Queensland needs to prioritize vaccinating people in indigenous communities “as an urgent matter” to cope with a low enrollment rate and great hesitation, says opposition leader David Crisafulli.
- Opposition leader David Crisafulli says only 15 percent of Yarrabah’s population is fully vaccinated
- Yarrabah Mayor Ross Andrews says his council is struggling to deal with entrenched hesitation
- Prime Minister Annastacia Palaszczuk says the government is looking into the situation
His comments came when Prime Minister Annastacia Palaszczuk announced another day without new COVID cases and called on Queenslanders to be vaccinated as she once again faced questions about when the state’s borders would reopen.
Crisafulli spoke in the indigenous community of Yarrabah, near Cairns, where he said the COVID-19 vaccination rate was “not good enough” and more needs to be done to publish data on vaccination rates.
“On the last published data from here – now it is about a week old – we had only 15 percent of people fully vaccinated in Yarrabah,” he said.
Crisafulli said he would write to Health Minister Yvette D’Ath to ask for a pop-up vaccination clinic this weekend at football final matches in Cairns, which will be well attended by the local indigenous community.
Yarrabah Mayor Ross Andrews admitted that his council was facing an upward struggle to protect the community against the Delta tribe of COVID-19.
“We are struggling to try to get the numbers up around vaccination rates,” he said.
“There may be cultural reasons, there may be health reasons, there may be concerns – I think first and foremost that we have caught the light ones, it is the extreme and the extraordinary ones that we are struggling with.”
He said Yarrabah was already marginalized and particularly vulnerable to COVID, with high chronic disease and high overcrowding in houses.
Ms Palaszczuk said the state government was aware of the low vaccination rates for indigenous peoples.
“We have had some really good prices, especially up in our Northern Cape areas, my understanding is that we are opening a few more vaccination centers up in Torres Strait,” she said.
“We want to make sure everyone at the northern end of our coastline gets vaccinated.”
New modeling key for reopening: Premier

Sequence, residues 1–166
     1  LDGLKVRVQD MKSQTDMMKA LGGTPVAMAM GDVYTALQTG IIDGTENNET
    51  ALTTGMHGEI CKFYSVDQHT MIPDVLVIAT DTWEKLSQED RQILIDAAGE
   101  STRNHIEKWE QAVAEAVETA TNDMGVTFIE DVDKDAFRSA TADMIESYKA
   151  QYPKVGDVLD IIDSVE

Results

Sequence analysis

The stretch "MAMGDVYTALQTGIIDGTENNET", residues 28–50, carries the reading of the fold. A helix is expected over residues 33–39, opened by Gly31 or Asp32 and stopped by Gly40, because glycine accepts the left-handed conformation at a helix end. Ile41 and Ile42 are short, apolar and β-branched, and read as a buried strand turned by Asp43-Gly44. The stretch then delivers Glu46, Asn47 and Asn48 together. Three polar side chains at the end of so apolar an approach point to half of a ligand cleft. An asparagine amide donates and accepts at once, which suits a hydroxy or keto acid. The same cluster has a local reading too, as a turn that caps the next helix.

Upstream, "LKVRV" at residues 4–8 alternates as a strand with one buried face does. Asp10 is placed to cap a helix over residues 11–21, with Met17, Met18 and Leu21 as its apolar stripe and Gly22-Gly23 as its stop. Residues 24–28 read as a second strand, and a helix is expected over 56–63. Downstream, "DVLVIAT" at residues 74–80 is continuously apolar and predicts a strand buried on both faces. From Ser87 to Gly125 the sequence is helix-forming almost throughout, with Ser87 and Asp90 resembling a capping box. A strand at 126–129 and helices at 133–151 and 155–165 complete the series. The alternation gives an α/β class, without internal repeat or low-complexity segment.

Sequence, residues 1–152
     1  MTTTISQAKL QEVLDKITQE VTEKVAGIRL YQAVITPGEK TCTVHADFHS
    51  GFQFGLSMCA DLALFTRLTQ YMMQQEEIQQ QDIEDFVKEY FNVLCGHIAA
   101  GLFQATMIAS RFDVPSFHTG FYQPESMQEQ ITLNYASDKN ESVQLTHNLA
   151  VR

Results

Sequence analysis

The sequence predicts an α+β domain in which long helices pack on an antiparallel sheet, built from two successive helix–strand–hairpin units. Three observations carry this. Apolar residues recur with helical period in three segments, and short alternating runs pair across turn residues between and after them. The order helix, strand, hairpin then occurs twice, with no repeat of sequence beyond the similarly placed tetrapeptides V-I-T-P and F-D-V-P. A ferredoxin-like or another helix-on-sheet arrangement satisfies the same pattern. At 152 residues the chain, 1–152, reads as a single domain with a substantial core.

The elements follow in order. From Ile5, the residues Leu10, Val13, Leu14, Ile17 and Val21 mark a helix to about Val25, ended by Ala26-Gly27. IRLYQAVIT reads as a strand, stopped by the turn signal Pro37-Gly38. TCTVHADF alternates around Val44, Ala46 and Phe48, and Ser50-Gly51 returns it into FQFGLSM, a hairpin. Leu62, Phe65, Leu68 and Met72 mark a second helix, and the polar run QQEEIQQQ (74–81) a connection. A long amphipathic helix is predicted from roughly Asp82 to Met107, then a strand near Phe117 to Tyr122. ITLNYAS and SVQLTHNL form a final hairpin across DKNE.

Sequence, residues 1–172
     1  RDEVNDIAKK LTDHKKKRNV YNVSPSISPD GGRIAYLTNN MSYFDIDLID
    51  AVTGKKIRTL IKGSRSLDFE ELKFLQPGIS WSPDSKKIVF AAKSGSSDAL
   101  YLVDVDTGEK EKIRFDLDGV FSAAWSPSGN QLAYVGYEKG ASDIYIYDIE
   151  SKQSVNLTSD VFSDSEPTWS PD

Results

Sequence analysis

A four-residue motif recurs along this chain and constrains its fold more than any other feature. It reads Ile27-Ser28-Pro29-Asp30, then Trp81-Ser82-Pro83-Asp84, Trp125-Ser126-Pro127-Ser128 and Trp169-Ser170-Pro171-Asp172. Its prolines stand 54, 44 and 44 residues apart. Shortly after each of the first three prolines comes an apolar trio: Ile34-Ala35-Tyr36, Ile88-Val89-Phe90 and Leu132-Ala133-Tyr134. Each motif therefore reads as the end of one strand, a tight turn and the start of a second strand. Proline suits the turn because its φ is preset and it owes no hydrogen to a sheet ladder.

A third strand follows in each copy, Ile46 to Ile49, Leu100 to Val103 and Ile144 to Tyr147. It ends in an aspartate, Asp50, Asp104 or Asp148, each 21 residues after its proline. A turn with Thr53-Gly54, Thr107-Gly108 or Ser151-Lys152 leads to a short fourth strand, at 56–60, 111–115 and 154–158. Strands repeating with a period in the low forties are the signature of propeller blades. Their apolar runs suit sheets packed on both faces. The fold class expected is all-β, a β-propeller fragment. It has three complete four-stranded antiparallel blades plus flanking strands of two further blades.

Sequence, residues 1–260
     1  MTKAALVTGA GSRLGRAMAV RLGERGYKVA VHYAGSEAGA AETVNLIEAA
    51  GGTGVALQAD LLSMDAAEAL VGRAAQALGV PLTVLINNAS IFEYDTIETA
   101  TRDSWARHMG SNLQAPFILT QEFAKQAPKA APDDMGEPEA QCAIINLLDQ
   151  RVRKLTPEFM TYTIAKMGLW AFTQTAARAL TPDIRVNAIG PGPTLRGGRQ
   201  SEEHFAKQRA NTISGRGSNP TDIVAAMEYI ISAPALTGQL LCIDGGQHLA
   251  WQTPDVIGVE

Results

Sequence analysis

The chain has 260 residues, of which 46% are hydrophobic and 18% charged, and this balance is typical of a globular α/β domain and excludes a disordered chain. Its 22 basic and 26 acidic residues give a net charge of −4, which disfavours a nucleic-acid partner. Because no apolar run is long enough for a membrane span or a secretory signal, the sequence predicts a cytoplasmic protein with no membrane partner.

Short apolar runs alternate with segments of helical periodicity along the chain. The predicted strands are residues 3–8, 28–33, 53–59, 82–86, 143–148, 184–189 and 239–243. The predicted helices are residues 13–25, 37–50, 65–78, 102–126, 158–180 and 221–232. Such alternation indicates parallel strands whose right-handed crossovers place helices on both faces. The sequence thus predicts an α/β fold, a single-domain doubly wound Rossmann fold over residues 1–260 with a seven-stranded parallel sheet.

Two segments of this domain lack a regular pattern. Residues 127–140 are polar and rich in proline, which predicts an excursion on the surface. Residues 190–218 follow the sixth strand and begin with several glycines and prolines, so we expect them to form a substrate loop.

The award signaled that revised modeling due this week would determine the state’s path to reopening for people from New South Wales and Victoria.
Mrs Palaszczuk has come under pressure to commit to a plan to reopen state borders as Queensland registered another day without new COVID-19 cases.
Prime Minister Scott Morrison said at the weekend that he could not see why Australians “should be kept apart” if 80 per cent of the population is vaccinated.
He said the premieres must respect the national plan so Australians can get “their lives back” before Christmas.
“It’s important that we move on. We can not stay in second gear. We have to get in top gear to live with the virus … this is where we need to be,” Morrison said.
Ms Palaszczuk said revised modeling from the Doherty Institute should be available before the end of the week.
Asked whether state borders would open by December, the prime minister said a national plan would be discussed in the national cabinet on Friday.
“I look forward to these discussions with the Prime Minister and all the other premieres,” she said.
“We look forward to the day when the whole of Australia can open up and people can be reunited. But for that to happen, we need to make sure people are vaccinated.”
Premier said that while she understood that tour operators were doing hard, an outbreak of the Delta variant of COVID-19 would be “catastrophic” for the economy of Queensland.
“What we tragically see in New South Wales and Victoria is that people are locked in and there is no tourism,” she said.
Health director Jeannette Young said companies should prepare for fewer restrictions in the future.
“The most important thing the company can do is be out there and say, ‘let’s get vaccinated,’ because the more people who get vaccinated, the more likely it is that we can remove the last remaining restrictions,” said Dr. Young.
“I am so grateful to all of our health professionals, they have worked very, very long hours to ensure that when people come forward, they are vaccinated so that they do their absolute best and never reject anyone.”
New hubs on the Gold Coast
The state government will open two new vaccination hubs on the Gold Coast – at Tugun and at Coomera.
“They will be able to carry out 2,500 vaccinations a day and that will increase to 3,000,” Palaszczuk said.
“They’re opening in two weeks, so planning is happening now for that.”
Premier said it was encouraging to see schoolchildren being vaccinated.
Recent figures show that 63.78 percent of eligible Queenslanders have now received their first dose of a COVID-19 vaccine, and 44.88 percent have received both.
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